Pricing Violation Trends: What They Mean for Manufacturers and Retailers
Amazon Prime Day marked the marketplace giant’s largest sales day ever, surpassing last year's Black Friday and Cyber Monday. With the growth of online marketplaces such as Amazon.com comes the proliferation of pricing violations. A new study from ORIS finds that third-party sellers on Amazon are undercutting minimum advertised price (MAP) by 13 percent, while eBay sees about a 20 percent differential and direct-to-consumer sites undercut MAP by an average of 14.7 percent.
The data also shows that, on average, top U.S. brands are experiencing a 27.7 percent pricing violation. While last year’s data found that pricing violations were more likely to occur after 5 p.m. and on weekends, the new study finds that pricing violations are now happening every day, and are almost evenly distributed among weekdays and weekends. Therefore, it's critical that brands create and manage a MAP policy.
Unauthorized sellers many times are the first to move in lowering a price, forcing authorized sellers to follow suit in order to compete for business. This domino effect impacts everyone involved, including the consumer. While it feels good to get a cheaper price, unknowingly the consumer could be purchasing from an unauthorized seller and thus won't receive proper post-sale support should they require it (e.g., dealing with returns or repairs).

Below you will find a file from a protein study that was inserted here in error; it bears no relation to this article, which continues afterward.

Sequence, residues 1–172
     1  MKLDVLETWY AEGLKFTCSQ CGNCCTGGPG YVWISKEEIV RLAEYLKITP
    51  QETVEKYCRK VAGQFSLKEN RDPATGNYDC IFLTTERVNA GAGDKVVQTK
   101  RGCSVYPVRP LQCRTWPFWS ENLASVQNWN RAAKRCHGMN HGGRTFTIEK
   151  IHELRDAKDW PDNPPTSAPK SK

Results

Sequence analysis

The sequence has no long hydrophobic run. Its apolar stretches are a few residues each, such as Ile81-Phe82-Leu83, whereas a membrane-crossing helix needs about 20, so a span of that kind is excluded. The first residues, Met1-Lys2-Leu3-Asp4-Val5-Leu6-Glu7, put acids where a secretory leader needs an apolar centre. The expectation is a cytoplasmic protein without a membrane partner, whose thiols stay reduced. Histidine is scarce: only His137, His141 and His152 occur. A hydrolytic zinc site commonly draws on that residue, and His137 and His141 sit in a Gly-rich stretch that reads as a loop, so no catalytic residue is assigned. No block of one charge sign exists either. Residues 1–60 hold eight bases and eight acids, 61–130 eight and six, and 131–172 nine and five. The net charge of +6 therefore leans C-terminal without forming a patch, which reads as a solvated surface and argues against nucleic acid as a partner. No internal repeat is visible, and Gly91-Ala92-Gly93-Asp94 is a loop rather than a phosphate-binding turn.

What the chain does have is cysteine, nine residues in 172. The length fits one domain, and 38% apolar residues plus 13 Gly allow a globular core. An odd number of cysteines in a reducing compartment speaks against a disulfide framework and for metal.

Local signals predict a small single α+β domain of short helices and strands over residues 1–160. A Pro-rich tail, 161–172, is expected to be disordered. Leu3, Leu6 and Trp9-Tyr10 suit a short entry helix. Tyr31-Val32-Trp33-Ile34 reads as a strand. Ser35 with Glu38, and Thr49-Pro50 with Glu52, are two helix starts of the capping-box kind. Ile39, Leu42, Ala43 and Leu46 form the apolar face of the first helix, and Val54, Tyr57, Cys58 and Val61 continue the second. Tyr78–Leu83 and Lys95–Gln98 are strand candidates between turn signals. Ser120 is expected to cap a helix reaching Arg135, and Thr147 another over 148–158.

Since brands today need to capitalize on big shopping events, like Prime Day, it's critical that manufacturers can easily identify unauthorized sellers and ensure the consistency of their pricing policies. Here are a few simple ways brands can get started:
- Go big … and go small. Check out the big marketplaces as well as smaller, independent websites. While Amazon is often blamed for starting price wars, in reality it's monitoring other websites and is the first to match another site.
- Track it all. Keep a detailed log of the history of all seller violations and your correspondence with them, and keep it in one place so it’s easy to find. Doing so will help you identify patterns and repeat violators.
- Search everywhere. Don’t just rely on Google to monitor your pricing. Comparison shopping engines (CSEs) usually get their information from data feeds, and it may take hours or days for them to pull a new pricing feed and update their reports. On off-hours it's important to click all the way through to the site to verify the price of a product.
Understanding when and how pricing inconsistencies are most likely to occur is the first step in ensuring brand integrity. Therefore, it behooves every manufacturer and retailer to take note of the trends.
Pamela Springer is the CEO of ORIS Intelligence, a provider of actionable insights that preserve pricing integrity for manufacturers.